General view considers both modes of compensation no different from each other. However, English Court of Appeal conceived that although compensation parameters are somehow same in both but still there is the slight difference in both as per which compensation awarded for the equitable compensation is either of restitutionary or restorative nature while for the loss it is of compensatory nature.

Compensation through “Causation”

As per this perspective, company can only seek for the compensation if it is the established fact that the loss company incurred, was solely due to the director’s breach of his or her fiduciary duty. Principle of Negligence in Common Law demands the examination of the circumstances that were the breach of duty, director is accused of, was so causal and harmful that plaintiff incurred loss solely because of such improper and offensive act of director. To ascertain the certainty of causality of director’s breach, there is the test known as “But-For” test.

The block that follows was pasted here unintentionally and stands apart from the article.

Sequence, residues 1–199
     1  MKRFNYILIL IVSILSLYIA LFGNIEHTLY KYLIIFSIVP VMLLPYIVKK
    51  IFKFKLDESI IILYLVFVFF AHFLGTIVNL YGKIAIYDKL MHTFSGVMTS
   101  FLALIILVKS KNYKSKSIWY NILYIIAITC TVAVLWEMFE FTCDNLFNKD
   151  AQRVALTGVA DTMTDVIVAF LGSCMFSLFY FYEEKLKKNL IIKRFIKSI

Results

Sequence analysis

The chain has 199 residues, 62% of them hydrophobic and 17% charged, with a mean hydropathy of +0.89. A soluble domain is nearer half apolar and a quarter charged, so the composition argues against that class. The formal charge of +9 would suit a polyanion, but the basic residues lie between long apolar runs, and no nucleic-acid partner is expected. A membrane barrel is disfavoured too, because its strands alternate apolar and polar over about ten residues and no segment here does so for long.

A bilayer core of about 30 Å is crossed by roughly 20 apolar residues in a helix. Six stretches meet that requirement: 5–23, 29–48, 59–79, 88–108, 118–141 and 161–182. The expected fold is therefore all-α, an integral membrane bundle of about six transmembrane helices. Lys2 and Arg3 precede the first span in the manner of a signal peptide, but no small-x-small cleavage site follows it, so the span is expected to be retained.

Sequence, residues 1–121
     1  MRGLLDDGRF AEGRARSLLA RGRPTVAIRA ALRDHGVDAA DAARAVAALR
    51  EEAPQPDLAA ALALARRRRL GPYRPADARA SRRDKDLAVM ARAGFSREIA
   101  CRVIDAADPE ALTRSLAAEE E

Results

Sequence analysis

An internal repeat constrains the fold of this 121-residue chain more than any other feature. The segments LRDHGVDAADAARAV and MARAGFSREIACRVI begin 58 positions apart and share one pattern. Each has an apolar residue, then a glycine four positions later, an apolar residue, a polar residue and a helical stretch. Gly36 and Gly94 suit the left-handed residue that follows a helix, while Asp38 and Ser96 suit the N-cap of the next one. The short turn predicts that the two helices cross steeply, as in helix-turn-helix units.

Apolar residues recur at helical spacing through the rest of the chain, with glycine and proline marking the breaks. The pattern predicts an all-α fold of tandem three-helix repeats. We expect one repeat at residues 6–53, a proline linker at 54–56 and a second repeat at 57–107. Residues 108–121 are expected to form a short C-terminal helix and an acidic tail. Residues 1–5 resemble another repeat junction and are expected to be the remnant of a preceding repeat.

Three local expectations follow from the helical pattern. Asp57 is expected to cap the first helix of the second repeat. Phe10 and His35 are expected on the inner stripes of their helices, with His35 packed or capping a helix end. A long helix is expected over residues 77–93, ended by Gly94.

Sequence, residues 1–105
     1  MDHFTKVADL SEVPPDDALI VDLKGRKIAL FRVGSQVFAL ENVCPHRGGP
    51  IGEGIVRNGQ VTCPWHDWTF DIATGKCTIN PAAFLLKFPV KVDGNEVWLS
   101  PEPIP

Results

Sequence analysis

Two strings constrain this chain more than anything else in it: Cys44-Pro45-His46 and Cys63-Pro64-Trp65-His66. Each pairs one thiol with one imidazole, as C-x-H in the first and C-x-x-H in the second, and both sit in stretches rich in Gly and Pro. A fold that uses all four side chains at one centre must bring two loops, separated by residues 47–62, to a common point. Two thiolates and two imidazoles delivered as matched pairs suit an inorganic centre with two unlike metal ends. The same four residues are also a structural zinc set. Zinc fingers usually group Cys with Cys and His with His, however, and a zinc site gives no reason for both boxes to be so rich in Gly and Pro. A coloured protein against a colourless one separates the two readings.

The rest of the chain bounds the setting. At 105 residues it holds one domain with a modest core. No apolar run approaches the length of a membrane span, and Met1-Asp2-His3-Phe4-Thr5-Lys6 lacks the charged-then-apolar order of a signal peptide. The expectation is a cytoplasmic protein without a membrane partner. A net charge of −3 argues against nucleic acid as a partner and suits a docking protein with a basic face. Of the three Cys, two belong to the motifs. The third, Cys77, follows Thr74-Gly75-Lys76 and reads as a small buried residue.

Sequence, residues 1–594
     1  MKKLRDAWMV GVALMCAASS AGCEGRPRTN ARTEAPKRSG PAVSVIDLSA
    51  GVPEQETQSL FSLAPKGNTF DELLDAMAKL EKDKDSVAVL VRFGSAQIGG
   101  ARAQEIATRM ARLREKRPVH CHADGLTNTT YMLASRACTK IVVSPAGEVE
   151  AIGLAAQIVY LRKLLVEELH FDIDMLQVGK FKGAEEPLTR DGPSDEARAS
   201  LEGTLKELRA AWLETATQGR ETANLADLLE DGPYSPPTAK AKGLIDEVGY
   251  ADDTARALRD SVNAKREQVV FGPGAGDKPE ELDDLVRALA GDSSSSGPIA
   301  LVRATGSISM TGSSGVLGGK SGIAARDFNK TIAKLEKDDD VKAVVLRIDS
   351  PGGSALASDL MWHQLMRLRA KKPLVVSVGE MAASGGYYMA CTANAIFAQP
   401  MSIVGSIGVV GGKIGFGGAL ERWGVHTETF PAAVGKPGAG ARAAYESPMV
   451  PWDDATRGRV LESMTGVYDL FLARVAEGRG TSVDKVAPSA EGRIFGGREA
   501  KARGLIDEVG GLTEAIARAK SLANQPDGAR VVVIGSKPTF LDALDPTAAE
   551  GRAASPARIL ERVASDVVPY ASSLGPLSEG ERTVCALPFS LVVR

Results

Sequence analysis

Case of Gold Ribbon Pty Ltd reports of the circumstances where company was a moneylending company and went into liquidation because of non-compliance of borrowers with their loan agreements and thus defaulted with Hong Kong company setup cost in vain. It was noted that many of directors were found to be involved in the fraudulent activities and obtained loans from the company and the appellant was itself a non-executive director and along with other directors of the company they did not complied with the lending practice and it was thought that this non-compliance is the main reason of company’s liquidation. Queensland court of appeal held that:

The company’s loss is not solely due to the negligence and tort of directors but non-compliance with rules and regulations contributed to such an excessive loss for the company in the form of liquidation. Court then applied “But-for” test for this particular situation and found that: if evidence of compliance with the rules and regulations and so adoption of proper lending procedure could have been made, then there can be the question of appellant’s breach of duty but as per the reported circumstances where proper lending procedures were not exercised, so there is not enough evidences to hold appellant for the breach of duty.